Medical Volunteering: First Research Update

I spent the first week of my research conducting a broad overview of volunteer tourism. After reading and synthesizing many articles, I decided to hone in on medical volunteer tourism, as I found the articles related to it the most interesting. I devoted this past week to conducting more research on medical volunteering. Currently, I am overwhelmed by the amount of sources I have flagged to look at. By picking apart bibliographies of sources I have actually read, I now have 14 pages of potentially useful sources. From those 14 pages, I have only looked at about 3 pages’ worth of sources. I also feel a bit stressed at times when I question what the end product of my research will be. One thing I have considered is to compile my knowledge of medical volunteering and NGOs and create some sort of a policy memo that tackles issues in the field. (A lot of medical volunteering is provided by medical schools that offer global health electives, so I am not sure how this would fit into my research). However, I am trying to focus more on the process and less on the product.

For my research, I am trying to sort what I have found into 3 categories: history of medical volunteering, ethical concerns, and suggestions that authors have brought up to improve the field.

I am going to bullet point the following notes because they are mostly to help me organize my thoughts.


History of Medical Volunteering/General Info

  • The number of medical volunteers sent by secular NGOs is growing, number sent by development NGOs (including faith-based organizations) is decreasing (Laleman 2007) → why?
    • Younger, secular medical NGOs (such as Medecins Sans Frontieres) growing fast (Laleman 2007) → why?
  • Early 2000s responding to AIDS crisis & lack of health workers in poor countries = sending professionals from abroad; employed by NGOs based in north (Laleman 2007)
  • Humanitarian organizations often work in emergencies & crisis situations or focus on AIDS projects; represent over half of all expatriate health volunteers in survey, with MSF the largest contributor (Laleman 2007)
  • Medical volunteering used to be career humanitarians (working with NGO), now more recently short-term medical volunteerism is growing (Asgary et. al 2013)
  • Short-term medical volunteer trips are becoming a part of training in health care professions, with around half of American medical schools providing such opportunities (DeCamp 2011)
  • Most international health volunteers spend less than two years in one setting; length of “short” missions ranges from 2-3 week to 2 years (Laleman 2007)
  • Trend: several organizations reducing the number of international health volunteers or stopping altogether (Laleman 2007) → I think I would like to investigate this further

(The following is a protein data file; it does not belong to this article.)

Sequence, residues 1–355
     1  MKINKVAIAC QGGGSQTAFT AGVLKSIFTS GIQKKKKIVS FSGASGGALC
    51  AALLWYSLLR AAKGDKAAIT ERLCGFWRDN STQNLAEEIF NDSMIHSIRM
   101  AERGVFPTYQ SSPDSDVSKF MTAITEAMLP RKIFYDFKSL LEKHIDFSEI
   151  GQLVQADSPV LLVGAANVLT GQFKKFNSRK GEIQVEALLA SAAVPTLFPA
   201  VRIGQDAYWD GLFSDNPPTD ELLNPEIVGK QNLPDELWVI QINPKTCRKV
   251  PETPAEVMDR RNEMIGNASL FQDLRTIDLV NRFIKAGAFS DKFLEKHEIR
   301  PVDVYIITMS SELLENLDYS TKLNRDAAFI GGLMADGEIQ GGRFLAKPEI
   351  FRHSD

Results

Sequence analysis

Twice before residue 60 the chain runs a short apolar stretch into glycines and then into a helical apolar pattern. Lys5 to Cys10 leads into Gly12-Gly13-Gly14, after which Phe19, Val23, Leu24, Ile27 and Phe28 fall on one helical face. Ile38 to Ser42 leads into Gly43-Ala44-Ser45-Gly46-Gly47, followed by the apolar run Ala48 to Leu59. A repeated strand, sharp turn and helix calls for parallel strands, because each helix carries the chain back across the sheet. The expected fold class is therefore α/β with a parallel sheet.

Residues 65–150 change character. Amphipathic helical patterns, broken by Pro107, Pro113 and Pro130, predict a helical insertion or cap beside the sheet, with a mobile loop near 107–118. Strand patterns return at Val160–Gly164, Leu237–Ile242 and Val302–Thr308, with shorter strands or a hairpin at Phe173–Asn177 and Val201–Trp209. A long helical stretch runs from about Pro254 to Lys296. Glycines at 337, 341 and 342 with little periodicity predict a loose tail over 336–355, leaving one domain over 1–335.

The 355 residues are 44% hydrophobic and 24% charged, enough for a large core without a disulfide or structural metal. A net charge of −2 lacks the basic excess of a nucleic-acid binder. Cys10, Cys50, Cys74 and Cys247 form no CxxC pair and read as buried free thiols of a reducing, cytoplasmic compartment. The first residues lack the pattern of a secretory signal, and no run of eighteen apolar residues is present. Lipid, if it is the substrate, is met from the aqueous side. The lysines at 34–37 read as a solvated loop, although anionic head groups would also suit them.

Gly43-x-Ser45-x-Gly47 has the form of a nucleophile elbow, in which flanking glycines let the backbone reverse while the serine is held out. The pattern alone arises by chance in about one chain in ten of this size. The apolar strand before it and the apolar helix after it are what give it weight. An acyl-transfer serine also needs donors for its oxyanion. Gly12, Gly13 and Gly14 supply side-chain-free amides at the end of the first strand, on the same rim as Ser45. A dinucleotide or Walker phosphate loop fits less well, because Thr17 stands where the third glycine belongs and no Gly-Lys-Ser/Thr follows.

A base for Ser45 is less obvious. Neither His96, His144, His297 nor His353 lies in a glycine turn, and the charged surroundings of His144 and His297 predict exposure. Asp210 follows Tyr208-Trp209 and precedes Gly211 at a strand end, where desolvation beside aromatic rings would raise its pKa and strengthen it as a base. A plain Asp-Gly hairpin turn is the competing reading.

• One cause: changes in thinking about development, where establishing long-term relations with partners, capacity building and recruitment of local staff gets priority
    • Policy of donor governments may have contributed to this; ex. Dutch government used to subsidize deployment of international health volunteers, now discourages this by reducing budgets for expatriation programs; similar evolutions taken place in Scandinavian countries & Belgium
    • Difficulty recruiting qualified volunteers; high staff turnover because they prefer short contracts
  • By 2008, 47% of accredited MD-granting medical schools had established initiatives, centers, institutes, or offices of global health (Jesus 2010)
  • Over past 30 years there has been broadening of interest in humanitarian principles & increased usage of them by NGOs in mission statements & charters; have been used to develop inter-agency codes of practice (Hunt 2011)


Ethical Concerns/Criticisms

  • Factors that increase risk of harm to patients & communities: (Asgard et. al 2013)
    • Inadequate preparation – not being  aware of local epidemiology, healthcare systems, culture, etc.; can lead to misdiagnosis, inappropriate treatments, ineffective use of resources
      Also, aid puts stress on the community if brigades leave sites without means of follow-up care or if aid provides medical/surgical services that are locally unavailable because it can create complications that local healthcare systems cannot manage

      • Poor health & advanced disease increase risks & decrease potential benefits of some interventions in developing world (Wall 2011)
    • Use of advanced technology/Western medicine – can waste resources by bringing them to areas without supporting lab/pharmacy systems
    • Issues with clinical epidemiology & test utility – short-term medical volunteers are trained in settings with different disease epidemiology, need to educate themselves about local customs (e.g., regarding pasteurization, food storage, vaccination) before conducting tests